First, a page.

Words by Jessica Simpson
Running in winter is HARD.
I know we’ve truly hit winter training when I’m greeted at my run club by a penguin huddle of other runners, their frosty breath making clouds while they rub their hands together in a meagre attempt to stay warm. I have to slowly peel off my coat, scarf and trackie bottoms at the bag drop and then bounce on the spot like a mad-woman to get some blood pumping before we can get going.
And why do we put ourselves through all of this? For me, the benefit lies in the gorgeous spring races we’ve got around the UK. Knowing that I’ve got the miles in early on, race day is ever so much more enjoyable.
Finding the right gear is fundamental for running in winter. Put too many air-stifling layers on and you’ll be uncomfortably sweating two minutes after you set off. Go for a lighter approach and you risk staying chilly throughout the run. Fortunately though there are some really clever pieces of kit designed to to keep you temperature-perfect through the colder months.
Here are the top five qualities to look for in your winter running gear.
1. SWEAT WICKING
The mission of moisture wicking fabric is to keep you dry. Sweat-wicking fabric is engineered to quickly take the moisture away from your body and disperse it onto the surface of the garment. This stops the sweat evaporating directly from your skin and taking the warmth with it!
My favourite sweat-wicking top at the moment is this gorgeous ClimaHeat Turtleneck from adidas. With the added benefit of thumbholes, the long sleeved piece is perfect as both a top and base layer - depending how many layers you need.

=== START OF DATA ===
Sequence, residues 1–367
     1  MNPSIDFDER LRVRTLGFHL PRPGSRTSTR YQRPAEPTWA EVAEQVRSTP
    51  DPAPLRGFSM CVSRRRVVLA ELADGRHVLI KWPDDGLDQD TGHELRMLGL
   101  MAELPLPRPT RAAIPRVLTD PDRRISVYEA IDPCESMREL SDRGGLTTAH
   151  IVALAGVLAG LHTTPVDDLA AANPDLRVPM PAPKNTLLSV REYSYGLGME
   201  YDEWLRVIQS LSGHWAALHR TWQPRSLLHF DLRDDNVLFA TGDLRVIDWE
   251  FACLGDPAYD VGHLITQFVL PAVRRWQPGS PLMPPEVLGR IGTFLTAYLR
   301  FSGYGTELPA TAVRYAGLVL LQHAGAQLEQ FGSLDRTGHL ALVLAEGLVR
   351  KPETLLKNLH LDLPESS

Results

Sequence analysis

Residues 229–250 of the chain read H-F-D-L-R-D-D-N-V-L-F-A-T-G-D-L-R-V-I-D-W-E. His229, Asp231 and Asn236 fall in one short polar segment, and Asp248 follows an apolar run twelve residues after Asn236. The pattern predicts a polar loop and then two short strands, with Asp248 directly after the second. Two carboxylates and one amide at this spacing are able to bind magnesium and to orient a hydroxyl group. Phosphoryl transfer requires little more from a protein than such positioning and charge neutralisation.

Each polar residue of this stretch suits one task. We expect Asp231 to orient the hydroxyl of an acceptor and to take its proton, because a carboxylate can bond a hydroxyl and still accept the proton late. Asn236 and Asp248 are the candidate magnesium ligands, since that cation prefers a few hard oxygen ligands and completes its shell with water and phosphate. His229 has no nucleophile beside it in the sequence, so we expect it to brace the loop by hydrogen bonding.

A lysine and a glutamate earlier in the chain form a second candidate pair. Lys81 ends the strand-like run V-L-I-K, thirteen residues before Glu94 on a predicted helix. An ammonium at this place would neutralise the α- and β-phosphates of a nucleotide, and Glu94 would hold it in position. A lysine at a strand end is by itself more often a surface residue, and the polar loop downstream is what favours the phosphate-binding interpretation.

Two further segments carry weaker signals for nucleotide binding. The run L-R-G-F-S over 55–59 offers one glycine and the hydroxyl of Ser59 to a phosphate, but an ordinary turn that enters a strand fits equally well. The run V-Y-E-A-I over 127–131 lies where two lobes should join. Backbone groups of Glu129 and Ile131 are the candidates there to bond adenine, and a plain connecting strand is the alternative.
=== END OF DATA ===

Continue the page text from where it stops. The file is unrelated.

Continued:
Whether you’re on the side of a hill in the Peak District or zipping along the Thames, being buffeted by the wind is a sure fire way to lose heat fast! Temperature moves from hot to cold, and if the cold air is constantly being replaced by more cold air then the heat we’re supplying is in constant demand! Stay warm wherever you run with the Windproof Jacket from Falke. It’s made from a super light, rustle-free fabric and packs away easily too.
When one layer just won’t do, it’s time to bring out the insulated pieces. The beauty of Falke’s insulated gilets is how light they are. You can screw it down into a small ball, but it still provides the comfort and warmth of a small duvet when it’s on. The benefit of not having sleeves is that you maintain a full range of movement and don’t feel ‘boxed in’ by this additional layer. This lovely ‘clean slate’ number is made from PrimaLoft® insulation - PrimaLoft® was originally created for the U.S army in the 80s to keep soldiers warm even when wet, something Duck down struggles with! If it can keep an army warm, it can get you through your run with ease.
Running in the winter ultimately means it’s more likely we’re running in the dark, and therefore are harder to see and be seen! Introduce reflective details into your gear to keep yourself visible in low-level lighting.
These Reflective Compression Tights from 2xu are a brilliant pair of compression leggings (see why compression benefits running here), but the reason I’m pulling them out today is their big efforts to get the wearer seen. Everything white on these leggings is reflective, from the signature ‘X’ to the criss-cross detail on the calf. In fact, they are reflective from 360 degrees!
5. NECK COVERAGE
In order to keep our brain functioning we need a lot of blood being taken to and from our brains, and all of that needs to pass through our neck. This means that our necks are always a prime area to lose heat from!
Add an extra layer of protection with our funnel neck Threadborne Seamless Top from Under Armour. Embracing the burgundy hues of the season, this pullover is a seamless combination of different, beautiful textures. The funnel neck with drawcords, thumbholes and a longer length mean you can stay toasty throughout your run!